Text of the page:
A simple story with clear text, The Extraordinary Mr Qwerty told the tale of an ordinary man capable of extraordinary ideas.

The story itself was pretty basic, and I didn’t think that much of it, however, the illustrations were delightful. Done mostly in grayscale, with a hint of colour here and there, they were detailed and interesting. Each page held something new to investigate. I loved that the people were wearing hats that were locked to keep all their new and outrageous ideas in, but that sometimes the ideas still escaped. Most extraordinary of all, was that everyone had different ideas, some ordinary, some strange and some incredible, but all interesting.

I read this book with my two preschoolers, who were both intrigued by the pictures. They pored over the pages spotting new things and pointing out anything that interested them. They were both very taken with the robot bird in Mr Qwerty’s hat. My favourite invention was the hovering light with eyes. We spent quite a lot of time just looking at the pictures.

The Extraordinary Mr Qwerty is suitable for preschoolers and lower primary school children. I think it worked best as a read-aloud book, where we could discuss the illustrations thoroughly together.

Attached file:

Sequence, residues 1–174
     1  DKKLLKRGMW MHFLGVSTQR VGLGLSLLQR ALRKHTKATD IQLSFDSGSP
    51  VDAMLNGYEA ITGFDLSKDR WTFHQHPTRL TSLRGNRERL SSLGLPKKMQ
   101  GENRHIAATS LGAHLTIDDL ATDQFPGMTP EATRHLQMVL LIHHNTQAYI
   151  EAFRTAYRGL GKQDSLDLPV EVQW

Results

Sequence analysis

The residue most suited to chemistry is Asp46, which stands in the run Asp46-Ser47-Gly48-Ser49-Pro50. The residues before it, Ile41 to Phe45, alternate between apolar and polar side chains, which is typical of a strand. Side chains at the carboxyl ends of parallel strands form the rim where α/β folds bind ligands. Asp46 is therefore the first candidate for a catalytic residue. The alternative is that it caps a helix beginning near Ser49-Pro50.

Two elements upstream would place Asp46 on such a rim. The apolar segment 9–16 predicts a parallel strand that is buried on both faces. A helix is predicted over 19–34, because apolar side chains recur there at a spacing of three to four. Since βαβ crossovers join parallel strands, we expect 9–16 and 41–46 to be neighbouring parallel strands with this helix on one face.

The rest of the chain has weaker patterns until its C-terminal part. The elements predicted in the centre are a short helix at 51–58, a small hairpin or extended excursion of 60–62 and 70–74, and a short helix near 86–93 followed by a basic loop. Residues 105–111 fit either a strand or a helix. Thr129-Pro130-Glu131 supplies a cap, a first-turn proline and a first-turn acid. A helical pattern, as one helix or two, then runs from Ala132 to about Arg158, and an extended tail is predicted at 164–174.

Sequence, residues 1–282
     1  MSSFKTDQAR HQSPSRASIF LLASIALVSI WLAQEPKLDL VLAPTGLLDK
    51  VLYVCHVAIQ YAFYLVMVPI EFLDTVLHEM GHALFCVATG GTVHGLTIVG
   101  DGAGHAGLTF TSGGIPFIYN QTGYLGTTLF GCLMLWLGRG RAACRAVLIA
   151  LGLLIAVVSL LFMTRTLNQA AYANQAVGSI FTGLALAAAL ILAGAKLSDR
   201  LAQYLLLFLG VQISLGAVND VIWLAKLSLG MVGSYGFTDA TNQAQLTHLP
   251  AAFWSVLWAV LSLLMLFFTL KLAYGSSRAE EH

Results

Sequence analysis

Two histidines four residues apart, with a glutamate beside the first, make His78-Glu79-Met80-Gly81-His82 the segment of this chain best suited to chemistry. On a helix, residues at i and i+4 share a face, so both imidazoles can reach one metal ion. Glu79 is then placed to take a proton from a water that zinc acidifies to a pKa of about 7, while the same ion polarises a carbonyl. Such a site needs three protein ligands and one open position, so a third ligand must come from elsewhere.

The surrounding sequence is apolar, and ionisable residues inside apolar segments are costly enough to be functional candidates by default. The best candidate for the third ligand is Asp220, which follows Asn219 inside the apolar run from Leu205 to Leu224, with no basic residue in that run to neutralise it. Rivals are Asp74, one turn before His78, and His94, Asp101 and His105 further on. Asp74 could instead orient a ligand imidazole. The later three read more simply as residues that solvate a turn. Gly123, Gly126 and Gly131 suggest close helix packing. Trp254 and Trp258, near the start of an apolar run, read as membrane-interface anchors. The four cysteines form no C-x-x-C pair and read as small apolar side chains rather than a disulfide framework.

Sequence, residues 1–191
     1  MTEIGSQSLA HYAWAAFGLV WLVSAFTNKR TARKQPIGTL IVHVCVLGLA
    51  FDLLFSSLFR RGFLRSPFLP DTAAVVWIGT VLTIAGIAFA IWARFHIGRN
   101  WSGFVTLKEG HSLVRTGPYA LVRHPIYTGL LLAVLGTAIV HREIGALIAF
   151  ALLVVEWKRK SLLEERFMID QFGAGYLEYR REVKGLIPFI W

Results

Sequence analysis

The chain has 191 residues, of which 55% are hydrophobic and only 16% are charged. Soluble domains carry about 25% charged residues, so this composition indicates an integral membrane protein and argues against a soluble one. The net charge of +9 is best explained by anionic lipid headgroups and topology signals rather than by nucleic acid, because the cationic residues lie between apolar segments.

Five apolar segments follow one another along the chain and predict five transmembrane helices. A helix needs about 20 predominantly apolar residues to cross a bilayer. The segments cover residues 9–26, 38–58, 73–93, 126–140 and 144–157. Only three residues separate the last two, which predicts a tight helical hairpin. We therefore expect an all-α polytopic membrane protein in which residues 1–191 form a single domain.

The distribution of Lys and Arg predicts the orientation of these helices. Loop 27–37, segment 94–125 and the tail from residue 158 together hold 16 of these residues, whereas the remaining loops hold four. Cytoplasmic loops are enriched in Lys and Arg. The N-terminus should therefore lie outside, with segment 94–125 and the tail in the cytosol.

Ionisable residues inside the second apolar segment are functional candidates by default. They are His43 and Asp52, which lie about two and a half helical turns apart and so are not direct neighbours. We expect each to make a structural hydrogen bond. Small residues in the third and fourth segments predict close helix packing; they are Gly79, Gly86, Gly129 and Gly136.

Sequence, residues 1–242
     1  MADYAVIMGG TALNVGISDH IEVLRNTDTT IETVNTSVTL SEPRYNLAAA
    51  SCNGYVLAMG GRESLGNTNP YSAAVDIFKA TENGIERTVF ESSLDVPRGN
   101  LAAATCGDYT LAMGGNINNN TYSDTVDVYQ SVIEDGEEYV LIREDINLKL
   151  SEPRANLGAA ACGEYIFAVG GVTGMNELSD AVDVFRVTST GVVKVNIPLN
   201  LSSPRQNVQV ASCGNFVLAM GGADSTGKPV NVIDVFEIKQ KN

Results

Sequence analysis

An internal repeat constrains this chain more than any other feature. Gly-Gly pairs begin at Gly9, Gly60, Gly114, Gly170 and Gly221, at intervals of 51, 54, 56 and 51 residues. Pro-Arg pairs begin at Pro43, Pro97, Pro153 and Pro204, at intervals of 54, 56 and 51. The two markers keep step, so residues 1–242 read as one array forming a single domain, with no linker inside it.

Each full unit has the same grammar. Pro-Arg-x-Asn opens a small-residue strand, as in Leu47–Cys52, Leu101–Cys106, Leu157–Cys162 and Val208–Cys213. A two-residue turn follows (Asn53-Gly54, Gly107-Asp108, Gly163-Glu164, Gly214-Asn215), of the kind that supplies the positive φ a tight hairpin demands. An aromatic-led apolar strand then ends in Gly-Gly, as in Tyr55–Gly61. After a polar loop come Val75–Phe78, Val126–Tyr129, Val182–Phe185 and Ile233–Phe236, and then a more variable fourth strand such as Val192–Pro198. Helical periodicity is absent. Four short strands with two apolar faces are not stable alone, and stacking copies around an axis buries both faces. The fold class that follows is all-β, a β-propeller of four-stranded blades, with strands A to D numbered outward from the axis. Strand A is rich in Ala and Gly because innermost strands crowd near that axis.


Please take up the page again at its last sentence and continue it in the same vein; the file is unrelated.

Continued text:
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Funny Farm by Mark Teague

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Funny Farm by Mark Teague, hard-back picture book, published by Orchard Books in 2009.

Edward visits Hawthorne Farm for the first time. His uncle, aunt and cousin show him how to help about the farm, by collecting eggs, feeding the pigs, painting the barn, and herding the sheep. The fact that Edward and his family are dogs running a farm is only the first of many odd things at Hawthorne Farm!

Funny Farm is a simple story of a day on the farm, just that the farm is a little different to most. The text was clear and easy to read, with just one sentence per scene; great for younger children. Each page was full of colourful and detailed illustrations full of interesting and unusual things.

My preschoolers thought Funny Farm was pretty good. They liked all the strange things, such as the pigs playing on the swings, the bugs ploughing their own small field, and the sheep brushing their teeth at the water trough. They laughed quite a lot when Edward got chased by the rooster and when he fell into the pig’s food trough! They are keen to read this book again.

Funny Farm is suitable for toddlers and preschoolers.